Parasite-mediated selection promotes small body size in yellow dung flies

Rodrigo Medel based on reviews by Rodrigo Medel and 1 anonymous reviewer

A recommendation of:
Wolf U. Blanckenhorn. Selection on morphological traits and fluctuating asymmetry by a fungal parasite in the yellow dung fly (2017), bioRxiv, 136325, ver. 2 peer-reviewed and recommended by Peer Community in Evolutionary Biology. 10.1101/136325
Submitted: 10 May 2017, Recommended: 31 July 2017
Cite this recommendation as:
Rodrigo Medel (2017) Parasite-mediated selection promotes small body size in yellow dung flies. Peer Community in Evolutionary Biology, 100027. 10.24072/pci.evolbiol.100027

Body size has long been considered as one of the most important organismic traits influencing demographical processes, population size, and evolution of life history strategies [1, 2]. While many studies have reported a selective advantage of large body size, the forces that determine small-sized organisms are less known, and reports of negative selection coefficients on body size are almost absent at present. This lack of knowledge is unfortunate as climate change and energy demands in stressful environments, among other factors, may produce new selection scenarios and unexpected selection surfaces [3]. In this manuscript, Blanckenhorn [4] reports on a potential explanation for the surprising 10% body size decrease observed in a Swiss population of yellow dung flies during 1993 - 2009. The author took advantage of a fungus outbreak in 2002 to assess the putative role of the fungus Entomopthora scatophagae, a specific parasite of adult yellow dung flies, as selective force acting upon host body size. His findings indicate that, as expected by sexual selection theory, large males experience a mating advantage. However, this positive sexual selection is opposed by a strong negative selection on male and female body size through the viability fitness component. This study provides the first evidence of parasite-mediated disadvantage of large adult body size in the field. While further experimental work is needed to elucidate the exact causes of body size reduction in the population, the author proposes a variation of the trade-off hypothesis raised by Rantala & Roff [5] that large-sized individuals face an immunity cost due to their high absolute energy demands in stressful environments.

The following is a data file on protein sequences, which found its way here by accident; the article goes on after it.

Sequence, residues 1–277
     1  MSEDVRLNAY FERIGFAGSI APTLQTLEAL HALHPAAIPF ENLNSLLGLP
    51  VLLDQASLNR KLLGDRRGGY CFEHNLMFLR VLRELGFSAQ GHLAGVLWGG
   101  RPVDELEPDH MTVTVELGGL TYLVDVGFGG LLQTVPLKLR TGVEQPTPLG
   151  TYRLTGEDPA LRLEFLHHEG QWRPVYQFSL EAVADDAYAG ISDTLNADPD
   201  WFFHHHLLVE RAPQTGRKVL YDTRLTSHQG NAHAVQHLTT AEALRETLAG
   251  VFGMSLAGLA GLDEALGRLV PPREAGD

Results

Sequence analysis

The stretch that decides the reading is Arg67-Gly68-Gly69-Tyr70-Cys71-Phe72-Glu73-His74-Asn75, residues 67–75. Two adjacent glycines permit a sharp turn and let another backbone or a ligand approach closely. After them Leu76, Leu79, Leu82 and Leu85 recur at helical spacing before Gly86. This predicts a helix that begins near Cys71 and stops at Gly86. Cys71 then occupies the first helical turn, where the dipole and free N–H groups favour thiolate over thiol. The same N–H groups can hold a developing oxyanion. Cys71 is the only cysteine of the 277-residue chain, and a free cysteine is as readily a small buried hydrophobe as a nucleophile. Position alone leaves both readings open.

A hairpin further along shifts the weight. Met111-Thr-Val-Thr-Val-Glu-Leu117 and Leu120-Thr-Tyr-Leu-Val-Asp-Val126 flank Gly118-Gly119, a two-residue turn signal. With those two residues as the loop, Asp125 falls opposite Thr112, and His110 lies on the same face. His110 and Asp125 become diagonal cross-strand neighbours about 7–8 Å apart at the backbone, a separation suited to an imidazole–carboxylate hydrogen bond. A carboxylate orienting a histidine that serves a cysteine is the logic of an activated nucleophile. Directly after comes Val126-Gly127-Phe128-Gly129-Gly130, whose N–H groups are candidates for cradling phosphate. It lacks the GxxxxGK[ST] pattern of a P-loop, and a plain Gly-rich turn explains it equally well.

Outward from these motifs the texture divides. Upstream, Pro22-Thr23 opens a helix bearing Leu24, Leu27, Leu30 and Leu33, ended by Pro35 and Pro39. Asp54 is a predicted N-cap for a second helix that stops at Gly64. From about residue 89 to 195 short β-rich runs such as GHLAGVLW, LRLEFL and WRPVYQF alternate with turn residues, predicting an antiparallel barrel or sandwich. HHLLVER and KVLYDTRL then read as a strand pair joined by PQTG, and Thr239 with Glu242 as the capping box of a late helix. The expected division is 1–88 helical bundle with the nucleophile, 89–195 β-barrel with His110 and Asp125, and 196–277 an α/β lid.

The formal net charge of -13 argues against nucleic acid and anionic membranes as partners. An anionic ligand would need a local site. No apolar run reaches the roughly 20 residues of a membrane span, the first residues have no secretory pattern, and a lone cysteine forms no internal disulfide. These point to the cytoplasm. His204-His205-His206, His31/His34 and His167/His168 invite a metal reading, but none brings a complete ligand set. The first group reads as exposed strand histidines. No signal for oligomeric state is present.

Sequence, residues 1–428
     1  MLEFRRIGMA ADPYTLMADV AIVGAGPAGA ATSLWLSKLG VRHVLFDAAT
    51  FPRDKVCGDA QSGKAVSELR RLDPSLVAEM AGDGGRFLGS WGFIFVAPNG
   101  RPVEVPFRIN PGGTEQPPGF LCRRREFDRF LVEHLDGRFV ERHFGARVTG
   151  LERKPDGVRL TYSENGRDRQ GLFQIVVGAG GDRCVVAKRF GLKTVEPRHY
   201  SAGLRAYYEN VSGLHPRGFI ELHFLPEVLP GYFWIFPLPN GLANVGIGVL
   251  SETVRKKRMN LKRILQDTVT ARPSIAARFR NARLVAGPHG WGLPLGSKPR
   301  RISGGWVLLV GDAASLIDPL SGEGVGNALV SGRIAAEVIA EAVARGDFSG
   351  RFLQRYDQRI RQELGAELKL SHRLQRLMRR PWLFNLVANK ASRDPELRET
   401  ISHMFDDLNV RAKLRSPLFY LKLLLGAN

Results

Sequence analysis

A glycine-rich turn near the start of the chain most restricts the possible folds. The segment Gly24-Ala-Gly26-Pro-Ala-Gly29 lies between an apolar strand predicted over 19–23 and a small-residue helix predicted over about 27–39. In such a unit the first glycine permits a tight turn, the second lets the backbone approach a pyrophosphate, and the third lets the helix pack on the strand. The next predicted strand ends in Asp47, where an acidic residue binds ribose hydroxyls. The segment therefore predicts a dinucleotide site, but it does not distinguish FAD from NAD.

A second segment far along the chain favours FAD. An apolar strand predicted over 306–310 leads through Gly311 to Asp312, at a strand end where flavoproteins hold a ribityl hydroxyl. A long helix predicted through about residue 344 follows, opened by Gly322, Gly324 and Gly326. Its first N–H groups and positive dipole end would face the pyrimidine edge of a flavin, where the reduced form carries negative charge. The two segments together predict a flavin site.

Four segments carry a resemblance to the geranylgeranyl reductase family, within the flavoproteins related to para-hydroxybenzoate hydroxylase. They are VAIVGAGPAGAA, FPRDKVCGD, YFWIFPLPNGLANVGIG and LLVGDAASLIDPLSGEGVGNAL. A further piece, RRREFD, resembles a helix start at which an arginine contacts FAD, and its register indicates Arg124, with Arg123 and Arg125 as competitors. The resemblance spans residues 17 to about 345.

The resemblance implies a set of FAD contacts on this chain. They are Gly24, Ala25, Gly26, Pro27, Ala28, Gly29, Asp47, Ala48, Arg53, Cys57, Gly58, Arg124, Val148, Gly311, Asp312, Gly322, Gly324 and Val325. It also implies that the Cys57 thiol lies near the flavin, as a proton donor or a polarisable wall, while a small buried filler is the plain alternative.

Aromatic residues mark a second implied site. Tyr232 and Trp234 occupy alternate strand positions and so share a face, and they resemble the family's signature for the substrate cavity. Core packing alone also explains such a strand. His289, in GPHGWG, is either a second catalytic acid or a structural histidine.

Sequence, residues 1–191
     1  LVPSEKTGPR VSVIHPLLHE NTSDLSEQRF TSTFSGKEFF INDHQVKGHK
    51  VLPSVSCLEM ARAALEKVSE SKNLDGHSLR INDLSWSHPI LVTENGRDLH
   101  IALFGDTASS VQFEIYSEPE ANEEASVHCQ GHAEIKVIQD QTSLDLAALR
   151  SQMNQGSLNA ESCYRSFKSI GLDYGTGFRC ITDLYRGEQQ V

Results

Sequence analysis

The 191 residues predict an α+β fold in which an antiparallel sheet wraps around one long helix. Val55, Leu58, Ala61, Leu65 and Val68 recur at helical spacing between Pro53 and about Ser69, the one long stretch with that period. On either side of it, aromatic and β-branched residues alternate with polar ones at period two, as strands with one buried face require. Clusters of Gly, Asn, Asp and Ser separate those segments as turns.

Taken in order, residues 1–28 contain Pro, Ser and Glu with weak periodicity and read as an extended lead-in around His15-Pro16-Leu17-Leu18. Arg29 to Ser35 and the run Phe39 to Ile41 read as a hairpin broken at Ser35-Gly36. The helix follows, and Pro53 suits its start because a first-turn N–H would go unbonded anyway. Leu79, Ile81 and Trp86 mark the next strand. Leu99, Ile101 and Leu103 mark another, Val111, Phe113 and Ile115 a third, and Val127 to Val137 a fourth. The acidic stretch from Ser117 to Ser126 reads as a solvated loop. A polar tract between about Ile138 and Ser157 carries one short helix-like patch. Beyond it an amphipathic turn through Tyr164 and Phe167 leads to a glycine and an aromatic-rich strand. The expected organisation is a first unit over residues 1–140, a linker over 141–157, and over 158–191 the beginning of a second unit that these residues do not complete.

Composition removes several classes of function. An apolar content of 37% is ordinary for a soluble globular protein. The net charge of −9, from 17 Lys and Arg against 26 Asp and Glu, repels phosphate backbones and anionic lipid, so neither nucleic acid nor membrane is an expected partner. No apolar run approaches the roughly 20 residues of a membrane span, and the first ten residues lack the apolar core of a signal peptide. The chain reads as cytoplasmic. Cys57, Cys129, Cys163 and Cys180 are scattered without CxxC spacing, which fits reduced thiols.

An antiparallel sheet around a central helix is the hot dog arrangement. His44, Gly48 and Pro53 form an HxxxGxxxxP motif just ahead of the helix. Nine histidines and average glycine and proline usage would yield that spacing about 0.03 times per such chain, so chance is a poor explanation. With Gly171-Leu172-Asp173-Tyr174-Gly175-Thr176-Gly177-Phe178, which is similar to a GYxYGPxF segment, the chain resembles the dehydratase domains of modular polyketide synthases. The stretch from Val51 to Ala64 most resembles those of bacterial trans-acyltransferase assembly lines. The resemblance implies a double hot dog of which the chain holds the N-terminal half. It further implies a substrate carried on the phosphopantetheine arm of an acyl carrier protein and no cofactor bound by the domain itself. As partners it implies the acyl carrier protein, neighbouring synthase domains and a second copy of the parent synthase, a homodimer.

[1] Peters RH. 1983. The ecological implications of body size. Cambridge University Press, Cambridge.

[2] Schmidt-Nielsen K. 1984. Scaling: why is animal size so important? Cambridge University Press, Cambridge.

[3] Ohlberger J. 2013. Climate warming and ectotherm body size: from individual physiology to community ecology. Functional Ecology 27: 991-1001. doi: 10.1111/1365-2435.12098

[4] Blanckenhorn WU. 2017. Selection on morphological traits and fluctuating asymmetry by a fungal parasite in the yellow dung fly. bioRxiv 136325, ver. 2 of 29th June 2017. doi: 10.1101/136325

[5] Rantala MJ & Roff DA. 2005. An analysis of trade-offs in immune function, body size and development time in the Mediterranean field cricket, Gryllus bimaculatus. Functional Ecology 19: 323-330. doi: 10.1111/j.1365-2435.2005.00979.x